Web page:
On Christmas Ham & Saucisson Sec

Anita at the Barossa Fine Foods stall in the market

Anita at the Barossa Fine Foods stall in the market

The sprawling Adelaide Central Market is a food Mecca for multicultural cuisine and fresh produce, and a much loved South Australian icon. On Friday evenings it’s a wonderful, lively place to be. Families and friends fill their baskets for the weekend and meet up to slurp bowls of spicy laksa, but last Friday night my friend Anita and I had a different agenda.

Away from the buzz, we climb the stairs to the Central Market Kitchen in eager anticipation of our Smallgoods Appreciation Class with Barossa Fine Foods. The family-owned company, with a stall in the market below,  handcrafts products to traditional recipes and is Australia’s most awarded smallgoods maker.  For those not familiar with the term, these gourmet meat products are also known as charcuterie and aufschnitt.

IMG_4570There are just six of us in the class. We sit around a table, each with our own wooden board topped with 11 different products to try. Alex Knoll is taking the class this evening, one of four brothers who learned from his father, from knowledge passed down from his father, who learned from his great-uncle. The family hailed from Germany where there was a rich history of smallgoods, and where compromise was not an option. When the family arrived in Australia they were used to strict industry guidelines concerning charcuterie, Alex explains, but in Australia the industry worked in hot sheds, and the meat wasn’t as fresh as it could be.

Alex’s father Franz is the creator of many of the products, a man truly passionate about smallgoods. As we try the rare roast beef Alex tells us that his father is always perfecting. ‘If the pepper is different in a batch, perhaps lighter in flavour, he will change the amount of pepper. It’s a labour of love…We have to think of the consumer, take the ego out of it.’ Traditional methods are used, but if it doesn’t work for a particular piece of meat, the process is adapted. The idea behind the rare roast beef, which is incredibly good, is the taste of a Sunday roast the day after. ‘It’s about food memories and recreating the Sunday roast.’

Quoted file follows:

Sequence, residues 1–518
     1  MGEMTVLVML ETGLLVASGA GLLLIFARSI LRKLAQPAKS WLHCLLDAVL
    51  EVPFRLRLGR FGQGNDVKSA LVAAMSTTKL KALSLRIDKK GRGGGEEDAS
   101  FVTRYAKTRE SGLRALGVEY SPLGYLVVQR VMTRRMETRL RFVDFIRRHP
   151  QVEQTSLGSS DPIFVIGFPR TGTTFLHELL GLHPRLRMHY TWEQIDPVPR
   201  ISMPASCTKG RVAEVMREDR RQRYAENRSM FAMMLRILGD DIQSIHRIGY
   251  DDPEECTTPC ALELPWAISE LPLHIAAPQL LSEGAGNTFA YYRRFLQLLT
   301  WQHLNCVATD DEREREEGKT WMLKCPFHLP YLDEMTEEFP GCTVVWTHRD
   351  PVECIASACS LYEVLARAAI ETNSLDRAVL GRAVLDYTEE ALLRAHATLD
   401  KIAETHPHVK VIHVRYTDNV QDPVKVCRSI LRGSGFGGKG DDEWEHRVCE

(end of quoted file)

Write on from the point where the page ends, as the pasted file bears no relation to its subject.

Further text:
Next, we sample the Spiral sliced ham with rounds of French Provincial style sourdough. There are moans around the table. It’s an American invention where the cured, smoked and cooked ham is sliced on the bone. Maple syrup is added before it is smoked and it has all the characters of being cooked on the bone yet with the ease of carving. ‘We wanted to give our customers Christmas ham every day of the week,’ says Alex. He talks about the resurgence of the charcuterie board as we tuck into duck terrine (2010 champion in the gourmet category at the Sydney Royal Fine Foods Show), and he tells us that hotels and pubs are now buying a better calibre of smallgoods.

IMG_4575As Alex explains ingredients, processes and traditions, we sample three wines from Hentley Farm, a boutique, single estate vineyard in the Barossa Valley. The smoked Wagyu goes well with their 2012 ‘The Stray Mongrel’, a blend of grenache, shiraz and zinfandel (don’t Australians just have the most inspiring names for wines!). Alex relays that he bought too much Wagyu so they had to create a product to use it up. Of course the special thing here is the marbling that gives a silky soft, tender texture. ‘It tastes a bit like cheese and bacon rolls,’ he laughs. He warns that you do have to be careful of the word Wagyu, which has become a food trend. ‘There are so many variations that don’t meet the criteria.’

Alex peppers the class with anecdotes but the story of Louis XIV is my favourite. This mini pork and beef salami is fermented and aged until half its weight is lost, which makes it shelf stable with intensive flavours. In France, it is known as saucisson sec, and eaten sliced, often as a simple aperitif. Franz had tasted saucisson sec on a trip to France and became so obsessed that he ate it at every opportunity. He even brought back an empty package in order to try and recreate it at home. ‘It took a long time to get right,’ says Alex, ‘nine months or so. We wasted nothing in our family and that meant we ate a  lot of sausage!’ At the Adelaide Food and Wine Show a couple of years ago a Frenchman requested a taste of some Louis XIV. He moaned and groaned and when he was asked if anything was wrong he said, ‘This is not Louis XIV, it is saucisson sec! Every day after school I would run home and cut some off to eat. Thank you so much for taking me back to France.’

‘When my father finally got it right, it was all worth it.’

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